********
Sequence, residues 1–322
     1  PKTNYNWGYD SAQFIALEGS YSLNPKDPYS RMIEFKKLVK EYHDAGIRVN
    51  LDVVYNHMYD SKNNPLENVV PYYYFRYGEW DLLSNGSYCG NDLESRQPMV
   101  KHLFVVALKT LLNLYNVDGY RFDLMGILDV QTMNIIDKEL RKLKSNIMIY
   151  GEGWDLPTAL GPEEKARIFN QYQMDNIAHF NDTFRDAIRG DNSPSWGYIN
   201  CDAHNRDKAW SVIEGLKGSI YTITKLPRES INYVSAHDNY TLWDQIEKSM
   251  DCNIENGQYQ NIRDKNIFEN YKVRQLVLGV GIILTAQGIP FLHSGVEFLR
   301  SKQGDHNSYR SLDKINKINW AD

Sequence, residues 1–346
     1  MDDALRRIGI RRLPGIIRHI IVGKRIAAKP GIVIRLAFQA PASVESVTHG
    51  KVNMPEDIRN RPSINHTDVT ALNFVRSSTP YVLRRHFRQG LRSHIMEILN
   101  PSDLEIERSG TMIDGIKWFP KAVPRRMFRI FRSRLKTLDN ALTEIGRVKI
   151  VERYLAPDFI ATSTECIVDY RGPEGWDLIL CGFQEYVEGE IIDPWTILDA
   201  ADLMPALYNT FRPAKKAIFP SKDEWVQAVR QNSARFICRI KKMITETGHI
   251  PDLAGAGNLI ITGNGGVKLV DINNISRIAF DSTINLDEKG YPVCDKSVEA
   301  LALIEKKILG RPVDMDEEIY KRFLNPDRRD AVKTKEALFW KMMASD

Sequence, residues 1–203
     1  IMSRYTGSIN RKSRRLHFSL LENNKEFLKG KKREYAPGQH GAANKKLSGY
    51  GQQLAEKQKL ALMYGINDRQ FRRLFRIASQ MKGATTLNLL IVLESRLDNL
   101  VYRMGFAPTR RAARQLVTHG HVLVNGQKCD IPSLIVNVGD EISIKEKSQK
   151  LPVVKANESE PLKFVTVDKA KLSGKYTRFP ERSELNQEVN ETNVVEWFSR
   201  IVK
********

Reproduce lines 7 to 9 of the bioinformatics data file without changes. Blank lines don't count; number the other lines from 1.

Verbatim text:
   251  DCNIENGQYQ NIRDKNIFEN YKVRQLVLGV GIILTAQGIP FLHSGVEFLR
   301  SKQGDHNSYR SLDKINKINW AD

Sequence, residues 1–346